Soybean futures are flirting with $12 to kick off the trading week, driven by a myriad of factors, including US export commitments hitting a multi-year high and institutional investors raising their long bets. But this is part of the broader boom in the commodities market, particularly in the agriculture sector, caused by strengthening fundamentals and a weaker US dollar.
January soybean futures rose $0.12, or 1.02%, to $11.93 per bushel at 17:24 GMT on Monday on the Chicago Board of Trade (CBoT). Soybean prices are coming off a weekly surge of more than 3%, adding to their 2020 rally of 25%.
The 2020-2021 marketing season started just 11 weeks ago, and total US soybean export commitments stand at 51.3 million tons, representing more than 85% of the US Department of Agriculture’s (USDA) full-year forecast. This is also the highest percentage achieve this early in the marketing year.
So, who is buying? Fifty-five percent of front-month soybean futures on the CBoT are destined for China, and another 20% are earmarked for “unknown,” which industry observers say is usually China. Also, experts note that the USDA underestimated the global demand for US soybeans, which could be good news for prices amid dwindling domestic stocks.
With South American crops taking a hit due to dry conditions, could the global soybean market slide into a deficit? It might be too early to predict right now, but importers may scoop up vast quantities due to a weakening US dollar and Latin American currencies.
Perhaps to better understand the medium- to long-term future, it might be prudent to see where hedge funds and index traders are placing their money. According to Reuters, speculators have been adding to their long bullish bets on both corn and soybeans, betting on tightening conditions.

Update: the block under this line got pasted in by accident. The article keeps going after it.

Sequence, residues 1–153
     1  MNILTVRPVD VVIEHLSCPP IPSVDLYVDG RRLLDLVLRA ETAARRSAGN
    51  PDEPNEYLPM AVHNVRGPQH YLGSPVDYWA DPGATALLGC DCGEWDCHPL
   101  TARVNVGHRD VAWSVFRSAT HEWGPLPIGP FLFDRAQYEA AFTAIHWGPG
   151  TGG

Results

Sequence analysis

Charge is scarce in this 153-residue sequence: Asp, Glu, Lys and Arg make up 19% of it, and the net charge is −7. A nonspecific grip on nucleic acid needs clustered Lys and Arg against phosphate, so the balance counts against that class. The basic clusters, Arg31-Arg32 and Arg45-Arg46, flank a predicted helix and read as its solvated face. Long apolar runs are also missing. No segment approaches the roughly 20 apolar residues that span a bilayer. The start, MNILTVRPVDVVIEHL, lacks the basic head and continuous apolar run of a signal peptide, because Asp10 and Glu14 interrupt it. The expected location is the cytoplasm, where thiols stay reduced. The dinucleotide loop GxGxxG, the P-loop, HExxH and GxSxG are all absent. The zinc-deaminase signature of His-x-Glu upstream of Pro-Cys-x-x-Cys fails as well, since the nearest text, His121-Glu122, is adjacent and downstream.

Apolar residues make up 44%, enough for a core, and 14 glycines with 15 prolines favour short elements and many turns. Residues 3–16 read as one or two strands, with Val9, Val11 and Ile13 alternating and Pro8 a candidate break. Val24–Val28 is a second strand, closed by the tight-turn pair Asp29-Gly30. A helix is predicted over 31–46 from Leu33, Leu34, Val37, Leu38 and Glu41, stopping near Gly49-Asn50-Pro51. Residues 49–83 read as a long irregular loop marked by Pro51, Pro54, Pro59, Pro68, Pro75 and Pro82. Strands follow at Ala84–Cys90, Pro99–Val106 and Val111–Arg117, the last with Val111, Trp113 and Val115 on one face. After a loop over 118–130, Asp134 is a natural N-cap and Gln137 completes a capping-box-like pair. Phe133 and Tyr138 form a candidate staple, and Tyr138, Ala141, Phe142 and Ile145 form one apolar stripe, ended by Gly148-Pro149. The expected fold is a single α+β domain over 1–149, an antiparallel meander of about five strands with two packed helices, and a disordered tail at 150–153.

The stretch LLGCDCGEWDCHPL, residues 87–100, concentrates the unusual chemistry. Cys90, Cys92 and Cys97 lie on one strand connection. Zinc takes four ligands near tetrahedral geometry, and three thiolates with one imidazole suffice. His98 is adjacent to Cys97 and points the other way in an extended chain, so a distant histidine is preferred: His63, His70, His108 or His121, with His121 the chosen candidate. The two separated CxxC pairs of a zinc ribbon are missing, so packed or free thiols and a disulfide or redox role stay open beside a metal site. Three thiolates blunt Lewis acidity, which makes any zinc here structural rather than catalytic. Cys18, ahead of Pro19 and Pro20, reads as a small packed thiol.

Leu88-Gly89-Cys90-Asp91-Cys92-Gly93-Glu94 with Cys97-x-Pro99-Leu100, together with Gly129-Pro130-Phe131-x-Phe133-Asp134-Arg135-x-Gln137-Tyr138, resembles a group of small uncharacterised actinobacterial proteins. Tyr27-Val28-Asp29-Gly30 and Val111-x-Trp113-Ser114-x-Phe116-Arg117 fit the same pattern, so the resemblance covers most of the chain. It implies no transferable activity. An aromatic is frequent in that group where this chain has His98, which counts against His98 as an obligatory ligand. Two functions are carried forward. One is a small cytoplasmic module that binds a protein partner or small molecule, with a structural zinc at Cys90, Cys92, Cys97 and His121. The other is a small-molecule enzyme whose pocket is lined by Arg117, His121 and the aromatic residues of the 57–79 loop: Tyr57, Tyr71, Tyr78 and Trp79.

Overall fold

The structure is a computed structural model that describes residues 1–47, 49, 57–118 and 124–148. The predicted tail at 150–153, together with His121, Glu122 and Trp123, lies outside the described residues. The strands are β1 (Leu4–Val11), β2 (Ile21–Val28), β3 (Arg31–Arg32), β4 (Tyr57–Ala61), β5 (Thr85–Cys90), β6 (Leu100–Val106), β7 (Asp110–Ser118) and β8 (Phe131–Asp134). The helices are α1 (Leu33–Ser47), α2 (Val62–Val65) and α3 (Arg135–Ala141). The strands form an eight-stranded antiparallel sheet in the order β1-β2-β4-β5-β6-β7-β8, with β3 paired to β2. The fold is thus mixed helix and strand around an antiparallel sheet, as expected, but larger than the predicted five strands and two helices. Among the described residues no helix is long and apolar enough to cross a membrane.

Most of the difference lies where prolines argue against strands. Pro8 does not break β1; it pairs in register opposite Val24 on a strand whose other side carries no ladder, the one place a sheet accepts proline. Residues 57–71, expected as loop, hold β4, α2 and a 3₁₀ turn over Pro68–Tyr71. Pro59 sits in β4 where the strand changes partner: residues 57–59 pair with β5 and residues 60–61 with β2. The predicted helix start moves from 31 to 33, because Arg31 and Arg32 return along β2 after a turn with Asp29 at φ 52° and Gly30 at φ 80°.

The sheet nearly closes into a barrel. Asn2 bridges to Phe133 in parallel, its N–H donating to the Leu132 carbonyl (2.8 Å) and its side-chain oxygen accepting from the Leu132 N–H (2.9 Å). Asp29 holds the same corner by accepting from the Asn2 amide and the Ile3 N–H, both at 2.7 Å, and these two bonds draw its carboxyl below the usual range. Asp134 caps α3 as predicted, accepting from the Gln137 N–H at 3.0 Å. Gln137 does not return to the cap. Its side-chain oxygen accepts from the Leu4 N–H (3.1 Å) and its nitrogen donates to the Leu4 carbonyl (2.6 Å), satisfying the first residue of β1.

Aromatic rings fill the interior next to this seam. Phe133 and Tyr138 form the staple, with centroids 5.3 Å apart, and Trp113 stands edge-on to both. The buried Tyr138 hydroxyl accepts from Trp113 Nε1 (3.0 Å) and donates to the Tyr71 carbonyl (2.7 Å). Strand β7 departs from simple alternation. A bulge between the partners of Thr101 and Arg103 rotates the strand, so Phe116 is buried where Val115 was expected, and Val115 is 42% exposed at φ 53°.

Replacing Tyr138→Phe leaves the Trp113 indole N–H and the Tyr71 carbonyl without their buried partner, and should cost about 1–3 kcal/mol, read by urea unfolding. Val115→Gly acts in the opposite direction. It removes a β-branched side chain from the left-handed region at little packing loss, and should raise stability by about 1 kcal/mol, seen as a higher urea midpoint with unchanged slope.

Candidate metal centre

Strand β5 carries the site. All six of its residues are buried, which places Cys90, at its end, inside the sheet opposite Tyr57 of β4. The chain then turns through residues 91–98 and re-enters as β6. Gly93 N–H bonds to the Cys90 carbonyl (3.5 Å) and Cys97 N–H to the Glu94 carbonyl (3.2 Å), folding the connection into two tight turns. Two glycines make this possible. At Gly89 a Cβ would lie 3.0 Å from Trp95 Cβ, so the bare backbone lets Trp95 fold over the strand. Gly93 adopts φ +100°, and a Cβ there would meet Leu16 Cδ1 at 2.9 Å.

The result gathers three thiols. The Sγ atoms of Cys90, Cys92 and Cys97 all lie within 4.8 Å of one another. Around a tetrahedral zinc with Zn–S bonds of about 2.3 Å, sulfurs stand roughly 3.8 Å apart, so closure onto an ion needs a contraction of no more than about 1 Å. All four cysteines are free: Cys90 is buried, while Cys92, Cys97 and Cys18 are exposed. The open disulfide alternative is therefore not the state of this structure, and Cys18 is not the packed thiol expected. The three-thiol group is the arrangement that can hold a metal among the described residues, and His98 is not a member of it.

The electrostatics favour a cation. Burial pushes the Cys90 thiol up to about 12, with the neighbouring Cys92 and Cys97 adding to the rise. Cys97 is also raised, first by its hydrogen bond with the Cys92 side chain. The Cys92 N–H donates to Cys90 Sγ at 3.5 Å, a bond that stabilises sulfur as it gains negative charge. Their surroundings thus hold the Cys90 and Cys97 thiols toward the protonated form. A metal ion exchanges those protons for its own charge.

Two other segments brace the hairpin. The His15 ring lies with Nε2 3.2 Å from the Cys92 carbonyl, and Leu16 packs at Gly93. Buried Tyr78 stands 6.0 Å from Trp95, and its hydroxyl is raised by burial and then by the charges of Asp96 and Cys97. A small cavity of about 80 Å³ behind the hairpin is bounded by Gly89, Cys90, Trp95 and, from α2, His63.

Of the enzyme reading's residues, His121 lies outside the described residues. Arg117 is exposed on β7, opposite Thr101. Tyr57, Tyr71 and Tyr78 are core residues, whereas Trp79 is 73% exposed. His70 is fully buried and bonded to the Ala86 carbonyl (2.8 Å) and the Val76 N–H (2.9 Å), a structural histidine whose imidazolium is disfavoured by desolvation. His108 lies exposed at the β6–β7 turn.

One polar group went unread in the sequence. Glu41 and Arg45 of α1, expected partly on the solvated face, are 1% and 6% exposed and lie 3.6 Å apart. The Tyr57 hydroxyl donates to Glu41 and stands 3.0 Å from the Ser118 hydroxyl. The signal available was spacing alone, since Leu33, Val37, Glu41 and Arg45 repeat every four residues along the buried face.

The newswire cited the latest US Commodity Futures Trading Commission (CFTC) data, highlighting that soybean net long positions and contracts came in at 208,774, down from a net long of 221,094 contracts a week ago. Although this the figure slumped from last week, it is still at the highest level in seven years.
Soybeans and other commodities are benefiting from a weaker greenback. The US Dollar Index, which measures the greenback against a basket of currencies, rose 0.13% to 92.51, from an opening of 92.37. But the index is still down more than 4% year-to-date. A lower buck is good for dollar-denominated commodities because it makes it cheaper for foreign investors to buy.
In other crops, January corn futures added $0.0425, or 0.99%, to $4.325 per pound. January wheat futures picked up $0.05, or 0.83%, to $6.045 a bushel. February coffee futures shed $0.008, or 0.68%, to $1.1625 per pound.